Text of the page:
Color Workshop: A Step-by-Step Guide to Creating Artistic Effects is illustrated and written by Rachel Reinert and published and very kindly sent to me to review by Get Creative 6. This book is A4, paperback, with flexible card covers. The spine is glue and string-bound and very durable. The content is printed double-sided throughout. The paper consists of two different types, the tutorial section is printed on glossy white paper and the colouring practice pages are printed on bright white, matt paper that is medium thickness and lightly textured. The book is split into two sections, tutorials for the first two thirds of the book and illustrations to practice your colouring techniques on for the last third. The information and tutorials are very comprehensive and cover a wide range of topics from colour theory and detailed descriptions of different colouring mediums to basic colouring techniques, ways to choose colours and use mediums in new and different ways, and then moves onto how to create artistic effects like blending, highlights, adding backgrounds, water droplets, auras/glows, a basic tutorial for colouring skin and hair (better ones can be found but this is a good start), crystals and lots more. Rachel uses different mediums for each technique so you’re sure to find one that you already own the tools to create and she names each colour she uses so you can match it either identically or by finding close matches within the mediums you already have. You can learn to use a huge number of mediums from coloured pencils to watercolour pencils and paints, alcohol markers, gel pens, pastels and mixed media. The colouring pages exactly match each technique so you can directly copy the instructions without having to first work out how to apply them to a different image. The colouring pages are perforated and can therefore be removed before colouring so that you’re not constantly having to flick to the tutorial and then to the page to colour, it also means you can copy them (for personal use) to print onto the paper of your choice so you can practice multiple times to really perfect each technique or to try out different mediums. The images are all very natural and mostly include plants and flowers. The techniques are all written in clear, plain language with any specialised terms explained so that anyone of any level will understand them. They are all illustrated with full colour photographs and laid out neatly and numbered so they’re very easy to follow. There are helpful tips written in coloured circles throughout the book so they’re easy to find and the contents page clearly lists all of the techniques and page numbers.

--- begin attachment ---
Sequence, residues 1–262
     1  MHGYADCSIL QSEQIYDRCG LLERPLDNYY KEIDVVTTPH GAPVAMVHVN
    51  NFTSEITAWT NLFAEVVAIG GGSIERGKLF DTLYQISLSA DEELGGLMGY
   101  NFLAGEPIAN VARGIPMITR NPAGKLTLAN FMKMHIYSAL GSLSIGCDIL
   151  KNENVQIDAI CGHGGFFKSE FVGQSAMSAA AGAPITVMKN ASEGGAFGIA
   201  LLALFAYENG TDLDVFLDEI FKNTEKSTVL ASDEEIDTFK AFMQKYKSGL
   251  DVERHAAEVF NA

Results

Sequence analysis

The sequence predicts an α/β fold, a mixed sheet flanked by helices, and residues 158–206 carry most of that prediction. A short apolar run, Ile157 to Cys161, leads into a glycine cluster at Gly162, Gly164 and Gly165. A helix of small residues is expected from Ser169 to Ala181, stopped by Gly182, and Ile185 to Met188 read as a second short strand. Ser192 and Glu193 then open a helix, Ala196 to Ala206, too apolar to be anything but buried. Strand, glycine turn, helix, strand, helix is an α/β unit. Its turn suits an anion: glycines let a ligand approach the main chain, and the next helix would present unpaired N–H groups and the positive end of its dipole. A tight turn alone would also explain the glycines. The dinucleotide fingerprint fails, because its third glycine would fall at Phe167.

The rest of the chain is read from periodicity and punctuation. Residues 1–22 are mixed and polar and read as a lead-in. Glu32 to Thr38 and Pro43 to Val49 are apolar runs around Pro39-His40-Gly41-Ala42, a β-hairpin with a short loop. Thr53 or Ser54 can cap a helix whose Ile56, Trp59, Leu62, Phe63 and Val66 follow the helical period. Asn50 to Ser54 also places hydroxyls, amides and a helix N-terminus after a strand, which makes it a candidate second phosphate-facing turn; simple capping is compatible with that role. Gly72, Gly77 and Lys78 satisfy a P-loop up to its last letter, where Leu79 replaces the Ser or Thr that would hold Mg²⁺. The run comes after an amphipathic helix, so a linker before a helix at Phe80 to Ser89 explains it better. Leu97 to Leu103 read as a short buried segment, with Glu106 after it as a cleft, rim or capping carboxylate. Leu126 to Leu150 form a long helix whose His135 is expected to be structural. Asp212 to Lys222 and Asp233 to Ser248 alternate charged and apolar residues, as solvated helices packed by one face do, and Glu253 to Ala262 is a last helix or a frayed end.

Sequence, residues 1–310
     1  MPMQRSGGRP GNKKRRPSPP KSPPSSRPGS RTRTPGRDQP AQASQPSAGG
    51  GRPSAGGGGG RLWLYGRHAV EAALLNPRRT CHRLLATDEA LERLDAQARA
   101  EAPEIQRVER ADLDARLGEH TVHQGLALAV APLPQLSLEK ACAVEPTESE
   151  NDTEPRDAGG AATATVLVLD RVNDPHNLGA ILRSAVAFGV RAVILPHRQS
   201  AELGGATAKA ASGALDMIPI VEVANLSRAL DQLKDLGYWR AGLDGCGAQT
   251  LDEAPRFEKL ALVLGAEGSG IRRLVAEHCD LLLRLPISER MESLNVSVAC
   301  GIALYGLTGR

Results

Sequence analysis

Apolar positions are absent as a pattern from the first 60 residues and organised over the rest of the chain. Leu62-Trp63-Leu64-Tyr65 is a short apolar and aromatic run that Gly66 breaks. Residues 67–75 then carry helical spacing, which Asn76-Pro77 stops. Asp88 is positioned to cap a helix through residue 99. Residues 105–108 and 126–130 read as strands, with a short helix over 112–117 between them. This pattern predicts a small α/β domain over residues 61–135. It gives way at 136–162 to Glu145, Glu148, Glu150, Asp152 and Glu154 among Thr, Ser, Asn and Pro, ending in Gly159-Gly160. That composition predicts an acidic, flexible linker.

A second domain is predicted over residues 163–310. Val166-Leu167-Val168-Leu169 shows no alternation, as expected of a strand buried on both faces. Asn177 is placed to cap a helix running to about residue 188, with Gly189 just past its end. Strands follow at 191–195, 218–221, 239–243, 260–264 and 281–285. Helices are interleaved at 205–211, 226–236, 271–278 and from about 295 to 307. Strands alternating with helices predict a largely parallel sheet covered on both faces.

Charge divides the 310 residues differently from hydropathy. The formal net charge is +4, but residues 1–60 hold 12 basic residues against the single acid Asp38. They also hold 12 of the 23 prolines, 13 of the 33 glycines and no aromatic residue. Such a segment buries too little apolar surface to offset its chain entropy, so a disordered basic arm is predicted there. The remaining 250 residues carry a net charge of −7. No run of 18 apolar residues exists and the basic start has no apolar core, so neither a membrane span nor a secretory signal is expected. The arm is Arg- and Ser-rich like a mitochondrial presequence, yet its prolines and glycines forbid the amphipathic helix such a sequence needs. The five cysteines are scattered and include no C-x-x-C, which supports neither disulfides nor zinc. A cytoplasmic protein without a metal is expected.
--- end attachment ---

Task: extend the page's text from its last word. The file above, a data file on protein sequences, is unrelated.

In terms of mental health, this book is great but you will need to be aware of a few things. The premise is ideal for perfectionists, you can learn all sorts of techniques that you’ve wondered about for ages and practice them in a dedicated space and build up your confidence before being let loose on your actual colouring pages, following written instructions means that you don’t have to keep pausing or rewinding a video if it’s going too fast for you and you can read all of the instructions before starting if you’re worried about making mistakes or if you don’t quite understand a section. Each technique is broken down into small sections with each focusing on one or two colours so they’re manageable to work on over time if you don’t want to complete a whole technique all at once. All of these are great positives and particularly good for those of us who like things to be perfect, realistic, and who struggle to follow videos. However, you will need good concentration, I don’t know about you but now that I’m ill I really struggle to read and concentrate for any length of time and therefore following instructions is extremely difficult for me. I often get easily overwhelmed by the sight of lists of things to do and find it very challenging to follow them. However, I have found that if you can possibly not skip ahead and just focus on each instruction one by one then it’s much more manageable and able to be followed because you’re just using one colour in one or two places at once before then moving onto the next. I have also found it helpful to read the whole technique a few times and study the accompanying pictures before starting to follow it. Many of the techniques can be mixed and matched and also swapped across mediums too so they’re far more versatile than you might first assume. The illustrations used to practice on are varying sizes with some pages containing a few smaller drawings and others containing one centralised image. None are huge and none are tiny, they’re all quite a middling size and very manageable to colour in one sitting if you wish and can concentrate on the techniques and instructions for long enough. The line thickness is pretty consistent and remains thin with some medium thickness sections or outlines. The intricacy and detail levels vary and range from quite detailed to much less so, none of the images are hugely intricate because you have to be able to apply the techniques to each one and there’s not a lot you can do with very intricate images so these illustrations will suit most levels of vision and fine motor control apart from those who have particularly poor levels of either.

Overall, this is a great book that’s ideal for any level of colourist to learn something new from, the practice sheets are perforated which is ideal so you can see the instructions at the same time as colouring and also for making personal copies and the techniques are explained in clear, simple language with lots of colour photographs which add clarity. I’d highly recommend this book, it’s written in an interesting and accessible way and broken up into concise sections that are easy to navigate and roughly run in order of difficulty.

If you’d like to purchase a copy, it’s available here:
Amazon UK – Color Workshop: A Step-by-Step Guide to Creating Artistic Effects
Book Depository Worldwide – https://www.bookdepository.com/Color-Workshop-Rachel-Reinert/9781942021575/?a_aid=colouringitmom

The images below were coloured with: Poppy – Prismacolor Premier Colored Pencils; Leaf – Faber-Castell Polychromos Pencils and blended with Zest-It and a Blending Stump.